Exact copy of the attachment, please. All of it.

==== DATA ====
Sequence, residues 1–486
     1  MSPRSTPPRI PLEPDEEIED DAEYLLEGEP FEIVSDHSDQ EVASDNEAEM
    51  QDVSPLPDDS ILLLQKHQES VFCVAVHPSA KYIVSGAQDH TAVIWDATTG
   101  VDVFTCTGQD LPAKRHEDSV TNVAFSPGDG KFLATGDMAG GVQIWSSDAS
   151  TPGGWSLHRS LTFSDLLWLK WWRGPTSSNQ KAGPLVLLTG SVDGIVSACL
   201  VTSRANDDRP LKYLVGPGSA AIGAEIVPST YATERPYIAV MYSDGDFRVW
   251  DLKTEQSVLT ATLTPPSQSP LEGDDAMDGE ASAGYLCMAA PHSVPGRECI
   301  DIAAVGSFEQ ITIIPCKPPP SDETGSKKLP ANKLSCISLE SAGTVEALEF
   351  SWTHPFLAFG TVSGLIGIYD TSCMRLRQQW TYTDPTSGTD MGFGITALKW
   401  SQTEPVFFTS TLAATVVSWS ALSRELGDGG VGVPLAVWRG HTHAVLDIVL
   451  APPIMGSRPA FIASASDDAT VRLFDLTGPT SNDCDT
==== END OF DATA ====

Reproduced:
Sequence, residues 1–486
     1  MSPRSTPPRI PLEPDEEIED DAEYLLEGEP FEIVSDHSDQ EVASDNEAEM
    51  QDVSPLPDDS ILLLQKHQES VFCVAVHPSA KYIVSGAQDH TAVIWDATTG
   101  VDVFTCTGQD LPAKRHEDSV TNVAFSPGDG KFLATGDMAG GVQIWSSDAS
   151  TPGGWSLHRS LTFSDLLWLK WWRGPTSSNQ KAGPLVLLTG SVDGIVSACL
   201  VTSRANDDRP LKYLVGPGSA AIGAEIVPST YATERPYIAV MYSDGDFRVW
   251  DLKTEQSVLT ATLTPPSQSP LEGDDAMDGE ASAGYLCMAA PHSVPGRECI
   301  DIAAVGSFEQ ITIIPCKPPP SDETGSKKLP ANKLSCISLE SAGTVEALEF
   351  SWTHPFLAFG TVSGLIGIYD TSCMRLRQQW TYTDPTSGTD MGFGITALKW
   401  SQTEPVFFTS TLAATVVSWS ALSRELGDGG VGVPLAVWRG HTHAVLDIVL
   451  APPIMGSRPA FIASASDDAT VRLFDLTGPT SNDCDT